Thursday, November 5, 2009
Secret Garden Tour Part 2: Waterpod
Well, well, well. Look what we have here. It's one in the morning and winter was in the air as I walked home tonight. To warm myself I looked back on summer days of yore and it hit me-I haven't written a blog post in over a month! What the what!
Also to get through the night shift I've had about 50 ounces of yerba mate in a twenty minute period. I'm so pumped I've already jogged around the block a couples times, painted my room and rearranged all my books according to the Dewey Decimal system. I even smoked a cigarette to pass some time. It was either write this post or count all the hairs on my head until dawn. GET PSYCHED EVERYONE!!!
A lot has happened since the summer. I've finally settled into a new house and unpacked about 45% of my boxes. I got a hair cut.
So, the Waterpod. I visited twice this summer, once when they were docked in the Bronx, once in the Queen's marina. The first time it was just the tour. We saw the chickens, the greywater system, the wood burning stove the tiny lofted bedrooms and the Three Sisters garden. The second time I went and built a boat. But what is the Waterpod? Part art project, part experiment in sustainable living, the Waterpod is a giant barge that was dragged from borough to borough this summer teaching the local populace about food and agriculture from their very own working farm! The people living aboard fed and watered themselves from what they grew and the rain water they collected. It was kind of like a dream come true. Who among us hasn't been sitting around with friends late a night and said something along the lines of "Guys...guys. We should live on a houseboat. Seriously. Like, let's get one and live on it. We'll be free, man!" Well, that was like this except better.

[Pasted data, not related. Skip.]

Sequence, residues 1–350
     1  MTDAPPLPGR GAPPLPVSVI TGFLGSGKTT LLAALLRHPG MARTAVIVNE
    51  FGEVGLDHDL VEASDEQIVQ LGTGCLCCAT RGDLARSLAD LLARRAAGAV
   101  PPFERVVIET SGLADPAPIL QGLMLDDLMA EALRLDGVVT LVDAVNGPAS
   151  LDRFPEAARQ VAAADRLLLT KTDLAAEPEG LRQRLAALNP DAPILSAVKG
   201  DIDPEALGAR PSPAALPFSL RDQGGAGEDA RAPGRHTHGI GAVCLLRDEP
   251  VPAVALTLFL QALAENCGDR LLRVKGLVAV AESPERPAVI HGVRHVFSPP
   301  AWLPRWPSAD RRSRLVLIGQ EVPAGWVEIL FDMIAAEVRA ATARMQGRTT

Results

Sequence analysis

The second time I visited it was the last weekend for the Waterpod and they were cramming the events in. There was a foraging tea and dance parties and music but my favorite thing was a boat building session led my Douglas Paulson and Christopher Robbins, artists who are interested in community building and also floating objects made from garbage. My friend Robin and I elbowed our way into their project and helped lash a couple of doors together along with giant chunks of styrofoam found floating along the shoreline. When time came to launch the very shady looking raft only the four of us volunteered to go for a spin. I'm not gonna lie...the paddles made from pine branches and two by fours were not the most wieldy. But again I felt like I was living the dream! Is there anything better than taking the detritus of human existence and with some comradery and power tools turning it into an adventure on the open water? I'm here to tell you...no, there is not. Of course, we were slowly sucked out towards the sea and had to be hauled to shore by a kayak, but near drowning is part of the fun. And when we got back there was rose hip tea and a sleepy cat in a captain's bed.